- Depends on your climate.
- Like cool weather, but are susceptible to easy freeze damage.
Where to plant:
- Like raised beds for good drainage.
- Rotate your crops. (Even if you have a small garden! The bed pictured above had squash and cucumbers in it last season, so the rotation worked out well for me.)
- If you find that your peas turn dark they may have a fungal disease. Remove and dispose of separately. Don’t turn under as this won’t do you any favors — only continues the problem in that bed’s soil.
I have a lovely stand of Mailbox Pink Crinums in my side garden. (So named because the gardening friend who gifted them to me had them planted by her mailbox and she had no earthly idea what variety they really were.) I first planted this set of beds ten years ago and it is certainly grown into a welcoming place.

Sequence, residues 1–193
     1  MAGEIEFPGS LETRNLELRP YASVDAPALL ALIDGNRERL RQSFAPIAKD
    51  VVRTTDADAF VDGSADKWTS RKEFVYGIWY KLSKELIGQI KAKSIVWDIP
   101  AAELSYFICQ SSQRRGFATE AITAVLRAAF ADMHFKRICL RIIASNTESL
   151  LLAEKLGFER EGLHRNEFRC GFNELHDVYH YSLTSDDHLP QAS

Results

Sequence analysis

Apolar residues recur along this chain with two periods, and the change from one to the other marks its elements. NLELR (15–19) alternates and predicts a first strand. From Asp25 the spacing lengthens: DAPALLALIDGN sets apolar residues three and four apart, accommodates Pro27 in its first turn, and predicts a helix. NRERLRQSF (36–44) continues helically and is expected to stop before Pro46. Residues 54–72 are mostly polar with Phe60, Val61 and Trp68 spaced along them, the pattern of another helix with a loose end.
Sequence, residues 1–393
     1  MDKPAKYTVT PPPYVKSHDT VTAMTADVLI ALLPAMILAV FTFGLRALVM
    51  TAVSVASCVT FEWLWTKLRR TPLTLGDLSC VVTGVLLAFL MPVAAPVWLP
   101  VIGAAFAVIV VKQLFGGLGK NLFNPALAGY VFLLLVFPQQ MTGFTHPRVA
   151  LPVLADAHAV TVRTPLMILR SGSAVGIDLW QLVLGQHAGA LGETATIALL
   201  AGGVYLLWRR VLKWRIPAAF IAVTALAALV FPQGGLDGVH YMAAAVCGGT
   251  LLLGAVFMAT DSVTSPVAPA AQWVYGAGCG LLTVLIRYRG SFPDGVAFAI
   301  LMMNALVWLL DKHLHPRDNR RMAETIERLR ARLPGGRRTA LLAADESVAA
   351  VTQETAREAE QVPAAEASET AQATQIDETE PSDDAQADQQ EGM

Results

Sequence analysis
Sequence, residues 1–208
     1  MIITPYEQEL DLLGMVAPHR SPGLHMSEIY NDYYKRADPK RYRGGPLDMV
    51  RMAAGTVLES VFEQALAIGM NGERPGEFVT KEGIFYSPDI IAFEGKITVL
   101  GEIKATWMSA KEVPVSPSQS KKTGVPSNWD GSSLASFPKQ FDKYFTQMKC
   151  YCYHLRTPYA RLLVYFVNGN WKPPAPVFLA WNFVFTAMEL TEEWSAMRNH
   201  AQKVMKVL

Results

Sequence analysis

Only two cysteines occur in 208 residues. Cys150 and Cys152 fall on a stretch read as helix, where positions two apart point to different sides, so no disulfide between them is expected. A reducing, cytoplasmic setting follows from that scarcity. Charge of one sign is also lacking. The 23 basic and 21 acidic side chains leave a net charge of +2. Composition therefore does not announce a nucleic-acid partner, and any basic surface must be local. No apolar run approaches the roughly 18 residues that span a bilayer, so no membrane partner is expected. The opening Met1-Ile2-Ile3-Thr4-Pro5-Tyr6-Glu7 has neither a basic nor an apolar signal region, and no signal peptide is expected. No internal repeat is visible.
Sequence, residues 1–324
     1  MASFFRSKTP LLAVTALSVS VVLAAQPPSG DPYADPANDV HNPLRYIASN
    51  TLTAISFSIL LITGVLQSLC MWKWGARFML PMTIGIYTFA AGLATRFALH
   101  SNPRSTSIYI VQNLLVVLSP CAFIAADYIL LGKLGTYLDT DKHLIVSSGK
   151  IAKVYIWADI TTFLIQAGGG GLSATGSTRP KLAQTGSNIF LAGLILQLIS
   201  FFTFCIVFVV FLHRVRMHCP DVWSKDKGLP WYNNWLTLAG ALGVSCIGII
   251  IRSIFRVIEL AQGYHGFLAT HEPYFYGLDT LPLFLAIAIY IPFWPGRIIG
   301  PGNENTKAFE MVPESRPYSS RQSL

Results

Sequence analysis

However, despite all the welcoming feelings, this past year I noticed a snake in the midst of my perfect paradise. (This actually literally happened, but I’m only speaking metaphorically for the moment.) My bulbs were in desperate need of more space. Since that meant that either I needed to dig up the Desert Willow and relocate it — or divide the bulbs, I picked the latter.
- Outline the area. I used my shovel to put a line in the dirt around the area where the bulbs currently reside. This is more difficult than you might think when you have five different varieties of bulbs in one spot. Hint: Crinums are the big ones; narcissus are the small ones.
- Decide how large a space you want the final clump to cover.
- Dig up your bulbs. Some sources tell you to pull everything, some say just the outside areas. I pulled them all.
- Amend your soil while you’ve got the space. I use compost from my pile plus a little organic fertilizer such as pelleted chicken manure or cottonseed meal.
- Replace as many bulbs as will comfortably fit into the space you want your future clump to fill.
- Pot up the rest. Share the wealth with friends.